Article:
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Changes To Cannabis Laws Bring New Problems When Traveling!

Updated: Aug 20

With many new and exciting changes sweeping across North America in regards to medicinal marijuana and recreational cannabis, it’s easy to forget that marijuana is still illegal at a federal level and classed as a narcotic. Medical marijuana company HWC LLC has some important advice regarding traveling with your marijuana this summer. The last thing that you want to do is find yourself in big trouble as you cross the border! 

Traveling between states and countries in North America has just gotten a lot more difficult with Canada’s decision to completely legalize marijuana in July. While many states in America have already decided to push ahead with adult-use laws of both recreational and medicinal marijuana, it hasn’t made taking cannabis or cannabis products across the border legally. There are already reports of Canadians having been stopped at the border and receiving a lifetime travel ban because of links to legalized cannabis. 

There hasn’t been a massive panic about cannabis and traveling in the marijuana industry yet, but it pays to take a few extra precautions if you use either medicinal cannabis or recreational cannabis. Currently, adult-use cannabis is completely legal in nine states in America, and medicinal marijuana is legal in some form in a further thirty states. Federally, marijuana is still classified as a Schedule 1 narcotic. Unfortunately for cannabis users, the federal government still considers marijuana the same way as it does cocaine, heroin, and methamphetamines.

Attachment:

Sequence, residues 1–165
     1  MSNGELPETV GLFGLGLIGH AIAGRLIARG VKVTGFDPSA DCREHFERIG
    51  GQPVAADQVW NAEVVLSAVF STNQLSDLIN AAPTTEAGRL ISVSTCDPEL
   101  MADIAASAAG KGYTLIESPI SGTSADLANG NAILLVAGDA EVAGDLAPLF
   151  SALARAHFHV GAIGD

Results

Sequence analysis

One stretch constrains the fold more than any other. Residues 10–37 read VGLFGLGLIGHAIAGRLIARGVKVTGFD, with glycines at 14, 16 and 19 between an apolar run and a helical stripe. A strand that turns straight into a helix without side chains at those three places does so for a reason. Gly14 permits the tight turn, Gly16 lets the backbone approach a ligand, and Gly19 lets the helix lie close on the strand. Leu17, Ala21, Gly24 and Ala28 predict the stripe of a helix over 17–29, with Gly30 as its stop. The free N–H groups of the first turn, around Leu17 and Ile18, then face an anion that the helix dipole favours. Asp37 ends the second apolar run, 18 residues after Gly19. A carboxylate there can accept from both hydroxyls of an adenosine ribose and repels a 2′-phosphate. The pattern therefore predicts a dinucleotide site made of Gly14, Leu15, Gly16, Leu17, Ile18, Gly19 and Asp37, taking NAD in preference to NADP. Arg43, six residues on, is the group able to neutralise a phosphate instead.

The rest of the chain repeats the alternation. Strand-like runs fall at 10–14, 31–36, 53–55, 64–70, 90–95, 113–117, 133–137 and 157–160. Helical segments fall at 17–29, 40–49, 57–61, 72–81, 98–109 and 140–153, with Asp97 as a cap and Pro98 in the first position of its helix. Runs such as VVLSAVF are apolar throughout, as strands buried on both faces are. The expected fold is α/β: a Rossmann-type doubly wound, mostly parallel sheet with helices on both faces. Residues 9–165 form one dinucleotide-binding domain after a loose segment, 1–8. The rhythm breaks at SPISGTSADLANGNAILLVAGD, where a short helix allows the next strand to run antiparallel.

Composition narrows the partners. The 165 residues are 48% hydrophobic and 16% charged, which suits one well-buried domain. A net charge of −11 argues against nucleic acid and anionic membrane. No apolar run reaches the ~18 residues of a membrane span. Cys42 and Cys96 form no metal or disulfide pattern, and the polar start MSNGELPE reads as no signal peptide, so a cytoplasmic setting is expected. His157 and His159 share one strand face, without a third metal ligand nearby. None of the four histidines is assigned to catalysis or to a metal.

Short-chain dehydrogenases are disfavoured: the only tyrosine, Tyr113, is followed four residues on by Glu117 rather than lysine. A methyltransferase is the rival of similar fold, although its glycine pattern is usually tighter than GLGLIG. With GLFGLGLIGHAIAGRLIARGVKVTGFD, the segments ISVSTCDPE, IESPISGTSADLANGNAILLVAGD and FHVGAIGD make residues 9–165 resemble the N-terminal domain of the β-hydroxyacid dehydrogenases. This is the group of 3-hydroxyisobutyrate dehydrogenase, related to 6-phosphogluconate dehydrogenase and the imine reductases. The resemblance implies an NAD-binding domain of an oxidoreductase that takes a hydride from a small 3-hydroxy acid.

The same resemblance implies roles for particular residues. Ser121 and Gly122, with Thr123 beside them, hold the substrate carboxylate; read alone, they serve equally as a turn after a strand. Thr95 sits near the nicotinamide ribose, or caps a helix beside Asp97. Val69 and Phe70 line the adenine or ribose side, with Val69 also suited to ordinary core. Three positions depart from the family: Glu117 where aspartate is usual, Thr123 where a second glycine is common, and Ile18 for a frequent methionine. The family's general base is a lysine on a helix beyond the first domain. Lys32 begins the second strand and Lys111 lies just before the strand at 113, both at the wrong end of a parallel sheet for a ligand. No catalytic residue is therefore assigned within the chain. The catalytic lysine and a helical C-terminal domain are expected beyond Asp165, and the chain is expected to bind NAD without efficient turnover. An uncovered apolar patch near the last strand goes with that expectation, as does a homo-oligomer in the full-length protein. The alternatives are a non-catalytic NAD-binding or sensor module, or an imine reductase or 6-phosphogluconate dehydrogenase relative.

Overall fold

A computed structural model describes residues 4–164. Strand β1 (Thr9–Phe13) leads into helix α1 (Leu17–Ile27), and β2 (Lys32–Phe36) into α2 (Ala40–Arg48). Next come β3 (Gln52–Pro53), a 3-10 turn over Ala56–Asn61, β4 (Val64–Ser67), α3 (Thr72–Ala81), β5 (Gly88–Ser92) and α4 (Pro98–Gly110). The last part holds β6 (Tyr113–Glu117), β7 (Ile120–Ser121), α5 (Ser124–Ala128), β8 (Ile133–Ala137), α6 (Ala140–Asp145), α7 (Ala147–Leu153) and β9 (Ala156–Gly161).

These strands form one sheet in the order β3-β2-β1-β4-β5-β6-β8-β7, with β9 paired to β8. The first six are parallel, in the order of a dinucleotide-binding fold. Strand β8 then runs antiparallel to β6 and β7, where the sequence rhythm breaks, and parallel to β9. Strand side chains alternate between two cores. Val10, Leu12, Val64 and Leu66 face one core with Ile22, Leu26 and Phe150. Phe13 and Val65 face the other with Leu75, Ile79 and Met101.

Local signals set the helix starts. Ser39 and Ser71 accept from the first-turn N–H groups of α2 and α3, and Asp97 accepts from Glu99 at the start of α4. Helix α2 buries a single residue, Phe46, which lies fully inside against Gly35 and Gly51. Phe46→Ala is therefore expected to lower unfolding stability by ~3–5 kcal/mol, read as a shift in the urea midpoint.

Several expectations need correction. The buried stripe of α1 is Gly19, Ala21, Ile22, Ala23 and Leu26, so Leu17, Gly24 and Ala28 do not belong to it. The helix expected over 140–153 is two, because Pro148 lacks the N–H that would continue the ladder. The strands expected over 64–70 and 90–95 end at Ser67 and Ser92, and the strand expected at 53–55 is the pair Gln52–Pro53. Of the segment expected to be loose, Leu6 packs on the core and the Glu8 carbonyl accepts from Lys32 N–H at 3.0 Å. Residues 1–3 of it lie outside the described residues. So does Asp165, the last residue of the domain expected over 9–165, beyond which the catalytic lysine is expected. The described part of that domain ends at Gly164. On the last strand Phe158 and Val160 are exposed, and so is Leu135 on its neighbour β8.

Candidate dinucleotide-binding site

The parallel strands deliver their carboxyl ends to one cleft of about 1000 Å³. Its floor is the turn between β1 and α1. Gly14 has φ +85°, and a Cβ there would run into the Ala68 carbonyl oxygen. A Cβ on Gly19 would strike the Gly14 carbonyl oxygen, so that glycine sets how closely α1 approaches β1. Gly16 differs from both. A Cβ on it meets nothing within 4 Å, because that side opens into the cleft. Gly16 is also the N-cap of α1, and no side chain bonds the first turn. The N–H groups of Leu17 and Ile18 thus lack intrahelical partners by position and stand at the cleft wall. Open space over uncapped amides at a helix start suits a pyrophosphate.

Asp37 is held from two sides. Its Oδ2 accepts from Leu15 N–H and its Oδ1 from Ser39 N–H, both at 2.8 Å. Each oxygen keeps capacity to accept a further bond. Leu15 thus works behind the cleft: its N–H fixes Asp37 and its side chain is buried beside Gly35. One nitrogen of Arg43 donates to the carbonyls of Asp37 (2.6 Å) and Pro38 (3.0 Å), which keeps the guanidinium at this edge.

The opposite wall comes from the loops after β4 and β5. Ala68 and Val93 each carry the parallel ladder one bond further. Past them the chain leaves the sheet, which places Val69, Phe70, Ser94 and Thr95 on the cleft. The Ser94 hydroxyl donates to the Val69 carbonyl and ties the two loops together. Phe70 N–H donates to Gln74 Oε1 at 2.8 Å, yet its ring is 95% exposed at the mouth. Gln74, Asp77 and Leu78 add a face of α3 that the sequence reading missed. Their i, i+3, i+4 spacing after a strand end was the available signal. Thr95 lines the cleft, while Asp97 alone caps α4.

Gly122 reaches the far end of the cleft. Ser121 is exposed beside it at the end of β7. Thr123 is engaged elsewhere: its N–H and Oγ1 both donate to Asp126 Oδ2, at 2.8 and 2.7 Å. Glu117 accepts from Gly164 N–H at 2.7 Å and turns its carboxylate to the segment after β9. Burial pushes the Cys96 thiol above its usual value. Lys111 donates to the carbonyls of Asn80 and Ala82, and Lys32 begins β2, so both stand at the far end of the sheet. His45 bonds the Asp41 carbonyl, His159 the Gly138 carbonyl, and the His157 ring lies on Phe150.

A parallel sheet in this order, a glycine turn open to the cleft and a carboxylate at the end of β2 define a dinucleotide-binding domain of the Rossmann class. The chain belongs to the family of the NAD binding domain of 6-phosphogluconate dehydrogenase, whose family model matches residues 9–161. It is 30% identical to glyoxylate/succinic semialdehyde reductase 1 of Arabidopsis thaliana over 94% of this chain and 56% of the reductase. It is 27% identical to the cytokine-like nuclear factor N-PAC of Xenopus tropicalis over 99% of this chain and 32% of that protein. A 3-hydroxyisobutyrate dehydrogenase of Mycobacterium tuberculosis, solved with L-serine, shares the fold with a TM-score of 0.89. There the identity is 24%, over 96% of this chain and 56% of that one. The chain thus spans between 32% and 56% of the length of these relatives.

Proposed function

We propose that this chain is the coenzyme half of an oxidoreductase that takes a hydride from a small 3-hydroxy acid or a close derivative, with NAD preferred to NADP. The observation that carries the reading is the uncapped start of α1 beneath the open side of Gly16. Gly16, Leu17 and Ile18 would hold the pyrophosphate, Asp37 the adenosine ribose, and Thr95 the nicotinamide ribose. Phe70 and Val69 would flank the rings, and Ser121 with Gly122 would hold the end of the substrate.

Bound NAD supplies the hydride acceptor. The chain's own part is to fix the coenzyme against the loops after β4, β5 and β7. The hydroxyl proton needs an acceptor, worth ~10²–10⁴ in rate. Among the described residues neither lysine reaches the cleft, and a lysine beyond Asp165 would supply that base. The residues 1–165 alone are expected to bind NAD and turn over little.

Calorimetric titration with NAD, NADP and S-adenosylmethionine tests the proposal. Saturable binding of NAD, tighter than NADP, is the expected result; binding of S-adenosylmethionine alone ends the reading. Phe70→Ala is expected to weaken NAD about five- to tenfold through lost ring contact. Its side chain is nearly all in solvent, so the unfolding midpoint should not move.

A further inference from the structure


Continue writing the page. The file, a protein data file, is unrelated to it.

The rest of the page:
Many cannabis industry officials still believe it’s a bit early to start sounding panic alarms yet. If you use medical marijuana or recreational marijuana in your state and it’s legal, it doesn’t mean you can transport it across a border into Canada despite the fact it’s legal there. 

Here are some tips to help you with your next border crossing: 

  • Don’t lie to the border officials about marijuana use or your ties to the marijuana industry as lying to an official is itself a crime. 

  • Leave any marijuana-related literature and marijuana-related paraphernalia at home before you attempt to cross the border.

  • Thoroughly clean your car before you attempt to cross the border and ensure that any marijuana-related products, paraphernalia, or marijuana have been removed from your vehicle. 

  • Don’t smoke marijuana in your vehicle at all, and especially not before you attempt to cross the border. A car that stinks like cannabis is going to raise a lot of eyebrows and attract some very unwanted attention. 

Crossing the border at any time can often be a daunting and nerve-wracking experience for many travelers, especially tourists traveling between Canada and the United States. Taking some time before you leave to make sure that you haven’t accidentally packed any marijuana or marijuana smoking implements may only take a few minutes, but it could save you a lifetime of traveling hassles. 

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